New site aims to expose practice of 'churnalism'
Churnalism.com, launched by the Media Standards Trust, allows the public to compare press releases with more than three million articles from the last three years
Churnalism.com, launched by charity the Media Standards Trust, enables the public to compare releases with more than three million articles from the national newspaper press, BBC or Sky from the last three years.
According to a release, the site was inspired by Nick Davies' book Flat Earth News in which he discusses the issue of 'churnalism', claiming that PR material appears in 54 per cent of news stories.
On the new site, in cases where more than 20 per cent of an article and press release overlap, the new search engine will highlight it as a potential example of 'churn'. The results of a search then offer statistics on how much has been cut, pasted and how many characters overlap.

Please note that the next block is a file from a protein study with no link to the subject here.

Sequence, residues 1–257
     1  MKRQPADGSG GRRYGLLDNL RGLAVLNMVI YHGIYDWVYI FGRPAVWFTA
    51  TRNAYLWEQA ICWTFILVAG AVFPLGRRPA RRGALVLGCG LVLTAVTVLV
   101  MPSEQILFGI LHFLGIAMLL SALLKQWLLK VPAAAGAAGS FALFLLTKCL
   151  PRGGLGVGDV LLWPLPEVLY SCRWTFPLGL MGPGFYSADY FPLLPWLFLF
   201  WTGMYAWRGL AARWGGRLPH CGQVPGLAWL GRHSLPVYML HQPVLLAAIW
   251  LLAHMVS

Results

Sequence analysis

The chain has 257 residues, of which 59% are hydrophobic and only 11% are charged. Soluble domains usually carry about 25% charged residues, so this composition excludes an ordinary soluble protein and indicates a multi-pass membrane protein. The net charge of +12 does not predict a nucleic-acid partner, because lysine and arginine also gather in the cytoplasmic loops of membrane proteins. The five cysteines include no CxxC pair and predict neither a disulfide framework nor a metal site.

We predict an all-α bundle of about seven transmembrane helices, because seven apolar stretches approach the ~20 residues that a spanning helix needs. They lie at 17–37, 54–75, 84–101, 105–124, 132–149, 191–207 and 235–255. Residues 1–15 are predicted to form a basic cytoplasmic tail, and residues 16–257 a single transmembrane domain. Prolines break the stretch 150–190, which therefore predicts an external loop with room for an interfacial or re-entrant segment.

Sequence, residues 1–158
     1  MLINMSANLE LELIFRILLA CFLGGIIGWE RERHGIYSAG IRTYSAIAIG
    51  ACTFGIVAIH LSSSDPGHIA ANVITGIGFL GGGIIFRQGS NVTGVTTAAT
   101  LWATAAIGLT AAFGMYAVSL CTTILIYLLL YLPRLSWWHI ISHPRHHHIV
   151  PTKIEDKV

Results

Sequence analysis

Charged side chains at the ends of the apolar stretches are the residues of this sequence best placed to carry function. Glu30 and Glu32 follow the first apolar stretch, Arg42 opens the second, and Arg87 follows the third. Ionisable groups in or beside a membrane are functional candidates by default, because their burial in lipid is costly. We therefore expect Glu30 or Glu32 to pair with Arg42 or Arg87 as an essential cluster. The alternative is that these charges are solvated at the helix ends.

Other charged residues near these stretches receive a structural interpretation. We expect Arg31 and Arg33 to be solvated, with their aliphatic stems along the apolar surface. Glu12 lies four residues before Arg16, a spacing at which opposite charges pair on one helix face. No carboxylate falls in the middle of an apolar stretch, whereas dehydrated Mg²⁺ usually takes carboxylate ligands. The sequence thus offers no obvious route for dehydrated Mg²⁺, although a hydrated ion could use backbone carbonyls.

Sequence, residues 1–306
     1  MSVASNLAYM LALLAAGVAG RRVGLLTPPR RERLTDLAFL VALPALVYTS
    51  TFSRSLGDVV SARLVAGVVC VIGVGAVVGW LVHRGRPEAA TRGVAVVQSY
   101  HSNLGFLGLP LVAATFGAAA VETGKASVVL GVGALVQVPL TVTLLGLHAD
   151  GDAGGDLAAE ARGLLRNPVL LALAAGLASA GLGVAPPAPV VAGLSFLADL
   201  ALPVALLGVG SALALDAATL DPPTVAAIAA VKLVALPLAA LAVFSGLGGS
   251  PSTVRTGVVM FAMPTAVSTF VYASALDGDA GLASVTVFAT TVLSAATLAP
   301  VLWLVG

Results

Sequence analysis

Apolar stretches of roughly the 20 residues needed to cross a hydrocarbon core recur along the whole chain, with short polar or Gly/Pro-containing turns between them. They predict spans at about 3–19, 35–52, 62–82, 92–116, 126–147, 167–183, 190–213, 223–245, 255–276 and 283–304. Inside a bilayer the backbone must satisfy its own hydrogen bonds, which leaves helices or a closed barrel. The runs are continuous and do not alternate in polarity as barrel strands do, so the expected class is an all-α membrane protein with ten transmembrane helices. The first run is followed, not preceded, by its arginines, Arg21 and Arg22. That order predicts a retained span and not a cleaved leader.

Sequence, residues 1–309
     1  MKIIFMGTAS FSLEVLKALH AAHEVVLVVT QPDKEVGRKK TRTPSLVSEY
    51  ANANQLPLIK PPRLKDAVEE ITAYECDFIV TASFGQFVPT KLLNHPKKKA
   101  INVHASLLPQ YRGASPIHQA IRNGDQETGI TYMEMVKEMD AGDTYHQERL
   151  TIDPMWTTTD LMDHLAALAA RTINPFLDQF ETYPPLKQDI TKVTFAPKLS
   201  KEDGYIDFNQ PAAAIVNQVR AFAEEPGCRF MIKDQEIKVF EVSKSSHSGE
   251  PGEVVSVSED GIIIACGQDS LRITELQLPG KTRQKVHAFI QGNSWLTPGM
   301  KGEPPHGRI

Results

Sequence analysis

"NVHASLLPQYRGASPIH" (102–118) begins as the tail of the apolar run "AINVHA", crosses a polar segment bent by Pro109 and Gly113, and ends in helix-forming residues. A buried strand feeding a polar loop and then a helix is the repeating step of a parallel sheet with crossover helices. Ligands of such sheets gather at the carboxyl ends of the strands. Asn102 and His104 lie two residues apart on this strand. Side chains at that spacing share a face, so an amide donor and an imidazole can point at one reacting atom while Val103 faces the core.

The system itself currently works by automatically scraping some sites for press releases and the rest are crowd-sourced. According to a blog post by the director of the Media Standards Trust, Martin Moore, the automatically scraped press releases will be from organisations such as big retailers, the government and some police forces, known to regularly send out releases. Examples will also be highlighted via a new Twitter account.
As the site develops Moore said he hopes to link churnalism.com with the MST's journalisted.com site, a database of journalists, enabling the services to flag up offending journalists.
"News organisations can now be much more transparent about the sources of their articles, but most of them still aren't," Moore added in the release.
"Hiding the connection between PR and news is not in the interests of the public. Hopefully churnalism.com will nudge them to be more open about their use of PR material.
"Even with press releases that are clearly in the public interest - medical breakthroughs, government announcements, school closures, and perhaps even this website launch - it is still better that articles are transparent about their sources."
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